This article was originally published in the Summer 2013 issue of Canadian Mining Magazine and is reprinted with permission of the publisher.

Recent global uncertainties have impacted the metals and mining industry and as a result, it has become more difficult to obtain financing from traditional sources for the exploration and development of mineral projects. As a result, companies have been exploring a number of alternative financing methods, including metal stream financing, royalty financing and joint ventures.

Metal stream financing involves a long-term metal purchase and sale agreement between the financier and a mining company. In a typical streaming agreement, the financier provides the mining company with an upfront payment, or deposit, in exchange for the right to purchase at a fixed price a future stream of metal that will be produced from the applicable mining property. The agreement may pertain to the purchase and sale of a byproduct metal rather than the primary metal produced. The upfront deposit may be provided either all at once at closing or in stages as development objectives are reached.

The financier also makes ongoing payments for the metal that is produced and delivered to the financier. These payments are pre-set and the standard is for the financier to pay the lower of the fixed price set out in the agreement (intended to be substantially less than the market price) and the market price at the time of delivery. The difference between the market price and fixed price is credited against the upfront deposit until it is reduced to nil. Thereafter, the difference is the financier’s profit. Streaming agreements are generally created to last the life of the mine.

There are a number of advantages of metal stream financing for both the financier and the mining company. Apart from the upfront deposit, no payments or deliveries are required by the parties until production begins. The financier benefits by receiving metal for less than market value for the duration of the streaming agreement, while the mining company is able to secure upfront and possibly ongoing funding for the mineral project.

Since the financier’s role is limited to providing financing for the project, it is not responsible for any production or operating costs of the mine. This structure allows the mining company to generally retain control over the project’s overall development and operations. Metal stream financing is also beneficial to the mining company as it is not dilutive to shareholders and it is project-specific.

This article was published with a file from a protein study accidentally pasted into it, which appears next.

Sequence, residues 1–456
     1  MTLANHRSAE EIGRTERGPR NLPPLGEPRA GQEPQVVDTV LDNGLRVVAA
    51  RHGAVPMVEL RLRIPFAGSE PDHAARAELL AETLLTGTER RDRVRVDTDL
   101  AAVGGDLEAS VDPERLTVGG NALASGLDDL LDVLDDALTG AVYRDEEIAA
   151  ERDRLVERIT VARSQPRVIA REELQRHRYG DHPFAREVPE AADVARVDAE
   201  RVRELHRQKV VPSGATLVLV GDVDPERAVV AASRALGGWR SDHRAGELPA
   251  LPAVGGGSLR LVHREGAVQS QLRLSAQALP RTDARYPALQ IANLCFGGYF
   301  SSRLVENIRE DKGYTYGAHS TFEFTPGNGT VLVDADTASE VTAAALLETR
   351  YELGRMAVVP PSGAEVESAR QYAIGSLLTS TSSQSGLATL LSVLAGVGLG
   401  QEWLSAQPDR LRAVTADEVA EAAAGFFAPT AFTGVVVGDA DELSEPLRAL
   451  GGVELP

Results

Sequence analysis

Royalty financing involves the financier’s one-time upfront provision of capital to the mining company in exchange for a royalty entitling it to a share in the future revenue of the mine. Royalty financing arrangements most often take place in advance of mine construction or expansion. The financier may receive its payments by way of sales proceeds or in the form of the metal itself, and the payment rate is based on the value of the mined product.

Some of the benefits of royalty financing are similar to those of metal stream financing. The financier is not required to contribute to production or operating costs but can still benefit from the exploration and development of the mine. The mining company generally retains control of the project and the royalty arrangement is nondilutive to shareholders. The mining company is usually not required to make any payments until production has been established. Note that in royalty financing agreements, the entire payment is made up front, which is beneficial for the mining company but less so for the financier.

Joint ventures are arrangements in which two parties pool their resources to undertake a specific task, typically for a limited period of time, and may provide a third source of financing for mineral projects. In the mining context, generally a junior mining company that lacks capital will partner with a major mining company to explore, develop and operate a target mine or mineral project.

Recently, a number of joint venture agreements have been reached between Canadian mining companies and international or foreign state-owned companies. The degree to which both parties jointly manage the project can vary widely, depending on the circumstances and the desired outcome. The terms of the joint venture agreement will address the ratio of control between the parties and the major mining company’s financial contribution, as well as other issues such as the inclusion of minority protection provisions.

There are both advantages and drawbacks to joint venture financing of mineral projects. Most importantly, the junior mining company benefits economically from the arrangement, as the parties share costs and direct financing may be obtained from the major mining company. The major mining company may also lend resources, expertise and experience, along with more credibility to attract potential third-party lenders. The joint venture is also beneficial to the major mining company because it allows for participation in a project that involves less development and operational risks.

The main drawback for the junior mining company is that it is unable to retain full control over the project.

Metal stream financing, royalty financing and joint ventures are three alternative financing methods that should be considered by companies interested in exploration and development of mineral projects. Each may be adapted to a variety of circumstances, allowing both financiers and mining companies to establish an arrangement that meets their interests and expectations.